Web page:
Collective for Research & Training on Development-Action (CRTD-A) provides technical training and support to non-governmental organizations, governmental partners, researchers, and international agencies in areas of social and community development, with an emphasis on gender equality and equity. CRTD-A focuses on qualitative, participatory, and action-oriented social research, and produces original literature on gender and development, gender mainstreaming, gender training, social development, civil society, and poverty. CRTD-A also provides consultancy services for non-governmental organizations and other development actors in gender related areas. Read more >

In The News

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Reports & Updates
June 24, 2011 | Claiming Equal Citizenship, Middle East, Rights & Reservations: Realizing CEDAW, Lebanon
Local events being held by CRTD-A, June 2011 On June 24 2011, WLP Lebanon/CTRD-A brought together 100 women who are involved with the Claiming Equal Citizenship campaign for a consultation and planning meeting, to organize a public advocacy event on the campaign. This event came in the wake of the appointment of a new government in Lebanon, and the increasing concern for Lebanon's commitment to the full implementation of CEDAW, notably through the reform of the family laws and of the discriminatory nationality laws. WLP will continue to provide updates on the events connected with this initiative. On June 27 and 28 2011, CRTD-A will be convening an annual regional meeting of the coalition of organizations that work together on the Claiming Equal Citizenship and Equality without Reservation campaigns in Beirut. The working group will be discussing the events of the Arab Spring in the region, and how these events have impacted, and will continue to impact, women and women’s rights. The group will also collaborate on a press release regarding women’s participation in the Arab Spring, and the emerging critical issues for women in the region, particularly with the growing visibility and mobilization of fundamentalist religious and political groups.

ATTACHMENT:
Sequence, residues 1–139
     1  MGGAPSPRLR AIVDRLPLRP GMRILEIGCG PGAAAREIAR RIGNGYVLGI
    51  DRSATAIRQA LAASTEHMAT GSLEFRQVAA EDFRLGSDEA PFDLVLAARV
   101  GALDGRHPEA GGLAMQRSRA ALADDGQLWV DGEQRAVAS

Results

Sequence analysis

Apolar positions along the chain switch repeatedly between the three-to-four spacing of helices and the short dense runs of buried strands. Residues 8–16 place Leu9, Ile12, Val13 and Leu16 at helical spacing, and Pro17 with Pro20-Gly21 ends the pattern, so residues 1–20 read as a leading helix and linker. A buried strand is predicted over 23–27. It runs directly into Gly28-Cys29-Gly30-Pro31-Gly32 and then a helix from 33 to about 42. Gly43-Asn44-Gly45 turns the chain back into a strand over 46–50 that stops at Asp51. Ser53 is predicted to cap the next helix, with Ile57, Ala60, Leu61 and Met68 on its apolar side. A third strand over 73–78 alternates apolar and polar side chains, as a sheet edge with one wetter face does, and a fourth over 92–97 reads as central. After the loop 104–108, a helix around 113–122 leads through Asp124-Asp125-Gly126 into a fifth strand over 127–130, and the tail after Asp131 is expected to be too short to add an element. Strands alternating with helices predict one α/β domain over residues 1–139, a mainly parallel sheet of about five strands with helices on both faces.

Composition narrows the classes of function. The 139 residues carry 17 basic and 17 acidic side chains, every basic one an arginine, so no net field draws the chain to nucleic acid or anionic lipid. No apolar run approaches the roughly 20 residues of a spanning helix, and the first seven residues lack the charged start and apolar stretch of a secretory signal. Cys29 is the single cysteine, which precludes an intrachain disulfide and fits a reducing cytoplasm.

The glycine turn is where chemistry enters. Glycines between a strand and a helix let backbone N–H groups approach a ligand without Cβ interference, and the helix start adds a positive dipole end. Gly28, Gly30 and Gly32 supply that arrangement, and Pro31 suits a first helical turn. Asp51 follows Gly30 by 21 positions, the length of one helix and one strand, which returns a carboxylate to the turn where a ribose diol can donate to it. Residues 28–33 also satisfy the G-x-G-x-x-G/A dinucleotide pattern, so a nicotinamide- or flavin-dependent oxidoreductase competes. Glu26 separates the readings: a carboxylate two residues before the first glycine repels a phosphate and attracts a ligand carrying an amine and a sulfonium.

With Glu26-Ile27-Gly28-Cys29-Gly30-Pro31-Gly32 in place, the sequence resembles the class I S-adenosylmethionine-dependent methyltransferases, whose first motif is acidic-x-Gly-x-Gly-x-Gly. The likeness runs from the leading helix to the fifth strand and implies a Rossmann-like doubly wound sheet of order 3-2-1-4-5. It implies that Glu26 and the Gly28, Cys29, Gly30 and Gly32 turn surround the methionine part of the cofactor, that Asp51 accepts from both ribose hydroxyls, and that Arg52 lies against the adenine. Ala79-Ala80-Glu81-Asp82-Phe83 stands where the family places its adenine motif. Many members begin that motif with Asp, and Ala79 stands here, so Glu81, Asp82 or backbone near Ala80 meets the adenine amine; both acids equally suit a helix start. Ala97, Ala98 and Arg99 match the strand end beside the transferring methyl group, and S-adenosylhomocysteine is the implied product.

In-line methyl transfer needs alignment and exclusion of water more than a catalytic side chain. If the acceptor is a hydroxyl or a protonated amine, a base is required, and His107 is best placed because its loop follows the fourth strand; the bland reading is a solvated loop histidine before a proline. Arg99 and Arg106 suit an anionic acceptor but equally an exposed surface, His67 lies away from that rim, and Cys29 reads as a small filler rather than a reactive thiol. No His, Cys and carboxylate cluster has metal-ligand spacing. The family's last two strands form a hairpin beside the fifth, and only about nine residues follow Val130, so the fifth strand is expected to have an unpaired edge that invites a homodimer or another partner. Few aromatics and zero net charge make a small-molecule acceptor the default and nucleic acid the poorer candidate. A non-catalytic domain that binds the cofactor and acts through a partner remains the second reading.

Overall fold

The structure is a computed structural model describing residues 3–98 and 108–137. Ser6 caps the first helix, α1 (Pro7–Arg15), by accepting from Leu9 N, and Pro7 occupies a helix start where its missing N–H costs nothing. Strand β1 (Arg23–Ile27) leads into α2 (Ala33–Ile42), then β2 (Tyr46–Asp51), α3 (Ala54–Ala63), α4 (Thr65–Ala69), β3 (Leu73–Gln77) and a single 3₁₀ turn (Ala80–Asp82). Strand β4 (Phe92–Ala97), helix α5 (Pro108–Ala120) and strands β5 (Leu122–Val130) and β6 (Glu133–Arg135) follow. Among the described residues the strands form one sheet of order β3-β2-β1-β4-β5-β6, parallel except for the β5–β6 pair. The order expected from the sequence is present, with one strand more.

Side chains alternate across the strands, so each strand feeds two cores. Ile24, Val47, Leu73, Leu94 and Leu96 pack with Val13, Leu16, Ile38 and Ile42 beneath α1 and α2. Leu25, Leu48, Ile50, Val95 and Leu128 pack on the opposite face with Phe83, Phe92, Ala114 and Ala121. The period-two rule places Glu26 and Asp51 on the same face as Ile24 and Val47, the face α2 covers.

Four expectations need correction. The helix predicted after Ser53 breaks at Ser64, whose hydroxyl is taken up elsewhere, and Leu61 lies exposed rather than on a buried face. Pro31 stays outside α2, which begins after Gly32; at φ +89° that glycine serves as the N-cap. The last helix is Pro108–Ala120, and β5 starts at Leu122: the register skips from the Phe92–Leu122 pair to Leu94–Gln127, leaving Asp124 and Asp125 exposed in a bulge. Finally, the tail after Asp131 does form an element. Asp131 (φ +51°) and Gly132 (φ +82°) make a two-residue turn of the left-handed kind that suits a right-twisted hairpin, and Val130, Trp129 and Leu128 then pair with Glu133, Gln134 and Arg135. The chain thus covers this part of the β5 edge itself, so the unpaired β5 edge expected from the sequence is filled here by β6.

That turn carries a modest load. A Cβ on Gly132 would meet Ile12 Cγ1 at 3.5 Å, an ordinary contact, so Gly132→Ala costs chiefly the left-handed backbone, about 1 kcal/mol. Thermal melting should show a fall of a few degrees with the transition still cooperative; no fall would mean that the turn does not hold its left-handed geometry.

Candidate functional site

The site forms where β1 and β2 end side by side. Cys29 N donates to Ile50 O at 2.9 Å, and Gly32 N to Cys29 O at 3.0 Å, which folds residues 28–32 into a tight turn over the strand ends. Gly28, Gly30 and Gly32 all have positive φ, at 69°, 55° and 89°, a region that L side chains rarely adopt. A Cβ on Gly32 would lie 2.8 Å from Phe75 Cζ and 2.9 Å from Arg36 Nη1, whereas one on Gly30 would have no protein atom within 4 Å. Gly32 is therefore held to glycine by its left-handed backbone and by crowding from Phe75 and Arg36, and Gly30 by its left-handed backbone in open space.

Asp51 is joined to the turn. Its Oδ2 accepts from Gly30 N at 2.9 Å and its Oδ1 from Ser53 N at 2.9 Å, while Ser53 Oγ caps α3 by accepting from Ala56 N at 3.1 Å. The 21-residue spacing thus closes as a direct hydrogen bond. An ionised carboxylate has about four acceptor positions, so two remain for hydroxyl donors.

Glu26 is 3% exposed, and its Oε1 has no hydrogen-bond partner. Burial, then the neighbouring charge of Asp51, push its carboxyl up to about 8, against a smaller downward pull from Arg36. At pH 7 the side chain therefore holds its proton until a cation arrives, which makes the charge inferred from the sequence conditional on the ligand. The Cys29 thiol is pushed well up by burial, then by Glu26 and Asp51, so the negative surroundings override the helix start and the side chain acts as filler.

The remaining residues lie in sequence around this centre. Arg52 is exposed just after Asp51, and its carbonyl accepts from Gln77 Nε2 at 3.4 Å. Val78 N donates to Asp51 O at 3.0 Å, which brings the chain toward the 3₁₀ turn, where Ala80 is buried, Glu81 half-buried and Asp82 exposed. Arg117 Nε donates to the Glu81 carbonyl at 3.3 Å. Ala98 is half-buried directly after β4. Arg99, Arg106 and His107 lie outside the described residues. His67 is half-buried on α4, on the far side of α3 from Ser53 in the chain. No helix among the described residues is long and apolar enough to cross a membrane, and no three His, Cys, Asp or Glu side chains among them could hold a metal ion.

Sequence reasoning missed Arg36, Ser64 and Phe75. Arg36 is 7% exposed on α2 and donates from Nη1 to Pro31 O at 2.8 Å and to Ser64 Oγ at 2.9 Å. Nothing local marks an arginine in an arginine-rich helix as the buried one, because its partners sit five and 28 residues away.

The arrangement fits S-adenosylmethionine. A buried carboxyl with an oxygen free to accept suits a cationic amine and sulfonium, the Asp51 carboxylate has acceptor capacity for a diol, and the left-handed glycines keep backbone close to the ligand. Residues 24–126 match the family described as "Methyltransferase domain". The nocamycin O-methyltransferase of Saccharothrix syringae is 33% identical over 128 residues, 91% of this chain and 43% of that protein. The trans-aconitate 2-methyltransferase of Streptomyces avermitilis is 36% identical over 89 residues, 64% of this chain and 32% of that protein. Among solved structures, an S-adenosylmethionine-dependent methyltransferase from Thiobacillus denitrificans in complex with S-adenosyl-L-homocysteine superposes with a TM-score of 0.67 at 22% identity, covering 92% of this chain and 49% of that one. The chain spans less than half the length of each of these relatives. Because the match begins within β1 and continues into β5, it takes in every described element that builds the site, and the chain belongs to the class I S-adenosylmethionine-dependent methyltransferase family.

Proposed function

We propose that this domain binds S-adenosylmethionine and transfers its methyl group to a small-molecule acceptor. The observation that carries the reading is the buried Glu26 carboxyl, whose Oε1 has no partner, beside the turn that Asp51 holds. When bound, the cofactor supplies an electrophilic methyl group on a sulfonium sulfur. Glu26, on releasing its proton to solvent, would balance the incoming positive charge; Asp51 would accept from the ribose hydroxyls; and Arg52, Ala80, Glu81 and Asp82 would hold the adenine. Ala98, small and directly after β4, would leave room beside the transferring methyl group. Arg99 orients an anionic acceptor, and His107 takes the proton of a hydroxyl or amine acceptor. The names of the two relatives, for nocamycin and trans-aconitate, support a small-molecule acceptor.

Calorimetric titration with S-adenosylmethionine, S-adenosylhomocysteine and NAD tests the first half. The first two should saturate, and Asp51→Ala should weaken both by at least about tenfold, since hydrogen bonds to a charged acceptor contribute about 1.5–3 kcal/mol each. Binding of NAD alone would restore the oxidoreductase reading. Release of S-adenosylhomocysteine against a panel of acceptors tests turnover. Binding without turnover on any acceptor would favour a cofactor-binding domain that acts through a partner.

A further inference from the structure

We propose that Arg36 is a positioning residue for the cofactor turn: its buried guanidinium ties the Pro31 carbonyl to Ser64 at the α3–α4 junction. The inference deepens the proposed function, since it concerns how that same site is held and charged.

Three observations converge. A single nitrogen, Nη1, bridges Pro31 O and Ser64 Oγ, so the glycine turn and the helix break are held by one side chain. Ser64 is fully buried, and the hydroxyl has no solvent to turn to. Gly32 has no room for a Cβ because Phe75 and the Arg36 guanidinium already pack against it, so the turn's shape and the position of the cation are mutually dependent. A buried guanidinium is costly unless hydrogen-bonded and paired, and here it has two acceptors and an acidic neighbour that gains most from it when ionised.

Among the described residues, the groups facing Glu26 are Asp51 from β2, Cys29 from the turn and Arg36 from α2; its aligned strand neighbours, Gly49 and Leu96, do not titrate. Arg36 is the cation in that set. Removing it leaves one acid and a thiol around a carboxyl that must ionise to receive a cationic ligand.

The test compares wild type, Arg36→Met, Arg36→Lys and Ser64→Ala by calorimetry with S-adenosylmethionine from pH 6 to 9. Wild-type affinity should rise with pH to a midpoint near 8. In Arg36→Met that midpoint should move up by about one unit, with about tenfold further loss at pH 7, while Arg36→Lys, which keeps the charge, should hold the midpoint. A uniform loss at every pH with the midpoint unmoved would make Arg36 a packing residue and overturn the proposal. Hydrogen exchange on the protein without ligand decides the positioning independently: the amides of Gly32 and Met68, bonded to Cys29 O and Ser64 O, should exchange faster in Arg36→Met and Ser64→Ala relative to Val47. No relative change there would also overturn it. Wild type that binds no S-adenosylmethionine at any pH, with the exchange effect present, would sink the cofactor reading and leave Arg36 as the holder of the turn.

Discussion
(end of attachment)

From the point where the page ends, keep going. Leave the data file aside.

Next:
June 24, 2011 | Claiming Equal Citizenship, Middle East, Lebanon
After nearly five months of negotiations, Lebanon’s government announced the formation of the new Cabinet, with Prime Minister Najib Mitaki at its head. The absence of women from the new Cabinet has sparked controversy and angered women’s rights groups throughout the country, and has added to the continuing tension between political factions. As the appointed government prepares to draft its ministerial statement, the ‘My Nationality is a Right for Me and My Family’ campaign urges the Mikati government to uphold the Lebanese state commitment to ensure equal citizenship through the reform of the discriminatory nationality laws.
May 25, 2011 | Middle East, Rights & Reservations: Realizing CEDAW, Political Participation, Lebanon, Morocco
  On May 20, 2011, representatives from civil society, women’s rights organizations, international organizations, including UN Women, the public sector and the diplomatic corps from Morocco, Tunisia, Egypt, Syria, and Lebanon, convened in Rabat for a regional seminar on Women and Democratic Transitions in the MENA region.
May 13, 2011 | Claiming Equal Citizenship, Guide to Equality in the Family, Human Rights, Middle East, nationality, nationality campaign, Egypt, Lebanon
  After tireless efforts, women's rights activists have reached another milestone with Egyptian women married to Palestinian men gaining the right to pass their nationality to their children. WLP is pleased to share the following statement on behalf of the Arab Women's Right to Nationality Campaign in Lebanon, part of WLP's regional Claiming Equal Citizenship campaign.